Friday, July 15, 2011

Some people stink (in their brains)

Last week I witnessed the following exchange on the train: During the evening rush hour a young woman sat in the aisle seat next to me. She chatted with another young woman in the aisle seat across from her. Part way through the trip a clearly homeless man got on and stood at the front of the car, holding a sign soliciting help. That is not entirely uncommon. Similarly uncommon, most people ignored him.

However, as the man shuffled down aisle, clearly ashamed of his circumstances, the young woman leaned away from him as though he were threatening her, even though he was merely shuffling. She made remarks about how bad he smelled and told him to get away from her.

It was far worse than merely being ignored. (Not that being ignored is good, granted.)

The man continued past and presumably on to the next car.

A short while later, as the train was stopped at the platform of one of the stations on the route, a sheriff was walking along next to the train. The two women jumped up and quickly moved to toward the door farther back. Clearly they were worried the sheriff would enter and ask to see proof of fare that they didn't have, and were prepared to try to pull and end-around out the other door to avoid getting a ticket.

As it turned out the sheriff did not enter, so they escaped. However, part of me was actively wishing the deputy would get on and cite them in a bit of cosmic payback for the abject way they treated the homeless man.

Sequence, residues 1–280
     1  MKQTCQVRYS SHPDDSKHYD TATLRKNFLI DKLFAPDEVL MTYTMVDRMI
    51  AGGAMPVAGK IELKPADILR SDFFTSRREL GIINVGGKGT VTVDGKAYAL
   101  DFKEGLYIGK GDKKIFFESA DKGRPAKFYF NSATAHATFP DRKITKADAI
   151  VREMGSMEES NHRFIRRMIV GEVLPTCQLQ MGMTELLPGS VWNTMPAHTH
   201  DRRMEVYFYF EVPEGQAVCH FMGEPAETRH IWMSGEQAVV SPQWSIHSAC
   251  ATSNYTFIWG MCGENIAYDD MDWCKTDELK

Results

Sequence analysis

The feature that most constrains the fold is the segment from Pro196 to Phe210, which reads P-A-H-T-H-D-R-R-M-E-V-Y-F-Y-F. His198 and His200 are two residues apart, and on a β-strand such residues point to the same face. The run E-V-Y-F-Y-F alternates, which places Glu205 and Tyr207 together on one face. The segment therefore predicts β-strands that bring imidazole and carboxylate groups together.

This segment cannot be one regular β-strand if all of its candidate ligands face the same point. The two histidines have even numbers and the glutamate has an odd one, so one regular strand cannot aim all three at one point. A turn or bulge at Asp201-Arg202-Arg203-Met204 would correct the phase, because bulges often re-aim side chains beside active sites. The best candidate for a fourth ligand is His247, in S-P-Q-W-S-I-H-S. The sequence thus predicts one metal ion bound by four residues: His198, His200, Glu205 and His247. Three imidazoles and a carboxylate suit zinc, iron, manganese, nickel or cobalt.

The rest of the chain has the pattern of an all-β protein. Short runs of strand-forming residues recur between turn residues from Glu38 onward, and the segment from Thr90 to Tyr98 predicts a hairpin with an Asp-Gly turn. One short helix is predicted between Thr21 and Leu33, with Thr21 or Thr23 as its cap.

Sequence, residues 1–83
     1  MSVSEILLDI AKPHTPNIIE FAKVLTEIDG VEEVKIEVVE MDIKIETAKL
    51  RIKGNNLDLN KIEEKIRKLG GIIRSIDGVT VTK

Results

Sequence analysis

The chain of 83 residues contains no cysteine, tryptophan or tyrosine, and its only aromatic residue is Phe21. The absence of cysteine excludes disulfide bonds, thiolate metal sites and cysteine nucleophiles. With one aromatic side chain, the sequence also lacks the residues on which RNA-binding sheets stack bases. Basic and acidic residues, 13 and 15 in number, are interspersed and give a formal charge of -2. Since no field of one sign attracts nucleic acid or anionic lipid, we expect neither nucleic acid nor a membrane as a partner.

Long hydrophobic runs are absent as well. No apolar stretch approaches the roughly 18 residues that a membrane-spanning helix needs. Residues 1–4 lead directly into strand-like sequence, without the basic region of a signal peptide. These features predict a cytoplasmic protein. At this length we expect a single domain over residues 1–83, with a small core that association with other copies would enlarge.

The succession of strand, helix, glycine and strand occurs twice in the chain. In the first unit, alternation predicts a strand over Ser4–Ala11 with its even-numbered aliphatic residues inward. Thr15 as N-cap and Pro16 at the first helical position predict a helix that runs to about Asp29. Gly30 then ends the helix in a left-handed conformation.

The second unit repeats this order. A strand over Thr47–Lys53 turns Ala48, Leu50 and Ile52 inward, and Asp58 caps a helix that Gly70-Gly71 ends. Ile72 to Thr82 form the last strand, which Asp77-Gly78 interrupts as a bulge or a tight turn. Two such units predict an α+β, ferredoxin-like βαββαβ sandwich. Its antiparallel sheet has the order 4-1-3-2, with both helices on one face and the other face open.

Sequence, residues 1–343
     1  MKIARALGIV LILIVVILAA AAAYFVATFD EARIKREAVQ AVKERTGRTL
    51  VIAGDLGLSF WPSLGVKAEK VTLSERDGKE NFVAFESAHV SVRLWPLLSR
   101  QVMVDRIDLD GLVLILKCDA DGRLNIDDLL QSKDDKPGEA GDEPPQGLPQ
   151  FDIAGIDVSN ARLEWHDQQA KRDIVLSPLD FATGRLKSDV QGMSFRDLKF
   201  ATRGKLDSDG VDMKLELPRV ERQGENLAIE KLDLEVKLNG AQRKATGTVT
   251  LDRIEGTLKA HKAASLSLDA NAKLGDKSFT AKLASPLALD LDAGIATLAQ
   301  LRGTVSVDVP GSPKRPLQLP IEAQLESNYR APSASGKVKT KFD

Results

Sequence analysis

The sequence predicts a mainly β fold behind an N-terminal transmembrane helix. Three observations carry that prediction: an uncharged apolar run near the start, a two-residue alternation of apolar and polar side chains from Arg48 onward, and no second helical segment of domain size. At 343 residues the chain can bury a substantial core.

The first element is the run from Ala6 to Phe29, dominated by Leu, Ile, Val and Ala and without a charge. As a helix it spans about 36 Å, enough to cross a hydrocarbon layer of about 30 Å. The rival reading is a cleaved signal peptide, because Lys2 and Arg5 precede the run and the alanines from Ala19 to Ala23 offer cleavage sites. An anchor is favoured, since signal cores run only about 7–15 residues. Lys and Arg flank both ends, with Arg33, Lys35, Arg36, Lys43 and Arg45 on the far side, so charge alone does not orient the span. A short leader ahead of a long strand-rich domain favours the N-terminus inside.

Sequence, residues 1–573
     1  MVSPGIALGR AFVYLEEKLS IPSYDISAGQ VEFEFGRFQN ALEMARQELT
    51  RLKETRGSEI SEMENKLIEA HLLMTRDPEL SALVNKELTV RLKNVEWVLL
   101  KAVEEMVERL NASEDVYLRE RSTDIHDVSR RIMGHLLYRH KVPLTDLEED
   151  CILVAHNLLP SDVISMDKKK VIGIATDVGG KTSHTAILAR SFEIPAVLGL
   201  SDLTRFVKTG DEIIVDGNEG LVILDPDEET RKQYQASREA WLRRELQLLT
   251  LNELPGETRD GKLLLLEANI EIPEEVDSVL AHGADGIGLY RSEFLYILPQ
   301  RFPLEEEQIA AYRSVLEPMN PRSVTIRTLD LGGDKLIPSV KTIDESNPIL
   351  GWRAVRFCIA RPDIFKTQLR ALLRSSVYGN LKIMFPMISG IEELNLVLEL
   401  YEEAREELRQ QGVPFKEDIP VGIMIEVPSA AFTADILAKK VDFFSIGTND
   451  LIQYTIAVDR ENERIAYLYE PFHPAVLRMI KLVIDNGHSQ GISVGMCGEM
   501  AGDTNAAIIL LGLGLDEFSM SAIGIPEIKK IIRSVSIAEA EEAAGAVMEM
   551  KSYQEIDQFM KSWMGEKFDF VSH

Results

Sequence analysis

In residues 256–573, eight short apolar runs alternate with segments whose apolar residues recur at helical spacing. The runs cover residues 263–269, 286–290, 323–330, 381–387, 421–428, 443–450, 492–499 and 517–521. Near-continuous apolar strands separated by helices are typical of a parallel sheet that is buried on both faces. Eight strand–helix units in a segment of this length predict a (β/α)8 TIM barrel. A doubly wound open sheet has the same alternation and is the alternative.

I can only hope they end up homeless and stinky and panhandling themselves someday.


That's the nicer fate than what first came to mind.


  1. Nasty bitches. They WILL get what's coming to them.

  2. I knew someone in college from my neck of the woods who was the perfect girl. Another person I knew was in the same psychology class with her. One day they had a mock group therapy session and from what he told me, no empathy. Big surprise.

    She was a person of privilege. I used to have a seasonal job, being laid off for the winter. I ran into her at the mall and she asked me what I was doing. I said I was unemployed. It didn't matter that my job was waiting for me in the springtime, she shrank back from me as if I was a leper.

    A minor acquaintance but one who had such a profound impact on me.

    I hope the recent economic disaster screwed her over, the phony berk.

  3. Ray Palm you mean j instead of b.


So, what do you think?